Lowell Point beach at the State Park was somewhat sheltered from the wind, which was appreciated. We found two more Pelagic Cormorants fairly far out. Two MURRELETS, tiny and fast flew past, species unverified. A couple Ravens flew overhead and I’m sure there were a couple Bald Eagles here too. We listened for Crossbills, Chestnut-backed Chickadees, and Pacific Wrens, but found none. This is a good spot for all three.

This was the final official stop of the fabulous 2018 Anchorage Audubon Seward Field Trip. From here, birders wandered back to town, checked out other birding spots like the Alaska Sealife Center and Bear Lake weir for dippers, then headed back up the highway towards home. I checked out the Waterfront and found a small flock of hungry and hopeful gulls including what two immature THAYER'S GULLS.  Many thanks to gull expert Steve Heinl for his identification help.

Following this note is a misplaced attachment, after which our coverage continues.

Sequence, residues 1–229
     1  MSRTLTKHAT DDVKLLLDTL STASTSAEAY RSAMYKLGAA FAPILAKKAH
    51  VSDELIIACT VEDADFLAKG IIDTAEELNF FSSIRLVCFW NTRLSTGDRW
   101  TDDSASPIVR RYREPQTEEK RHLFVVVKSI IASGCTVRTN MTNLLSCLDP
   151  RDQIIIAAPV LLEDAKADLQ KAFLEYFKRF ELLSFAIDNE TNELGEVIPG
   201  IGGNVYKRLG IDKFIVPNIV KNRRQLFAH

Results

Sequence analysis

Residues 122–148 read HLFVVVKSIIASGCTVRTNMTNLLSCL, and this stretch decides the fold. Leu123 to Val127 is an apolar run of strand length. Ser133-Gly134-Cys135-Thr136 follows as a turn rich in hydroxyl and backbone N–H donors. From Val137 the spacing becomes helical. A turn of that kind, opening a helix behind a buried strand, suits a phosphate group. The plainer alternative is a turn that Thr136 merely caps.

He noted the first-cycle Thayer's is likely a Thayer's, although it isn't a very well-marked bird, meaning it doesn't have the barring on the scapulars and wing covers that most of them show. What I thought was a small Herring Gull is probably a second-cycle Thayer's with a darkish eye, slender straight bill, and nicely barred/vermiculated scapulars and wing coverts. Steve said pure Herring Gulls are actually pretty rare in Alaska in the winter.

As for the Glaucous-winged Gull, Steve noted some birds may have black on their bills for their entire lives, but it's commonly shown by younger birds, perhaps birds in their fourth of fifth winter. And the bright pink leg color may depend on what they are eating, or they're just variable.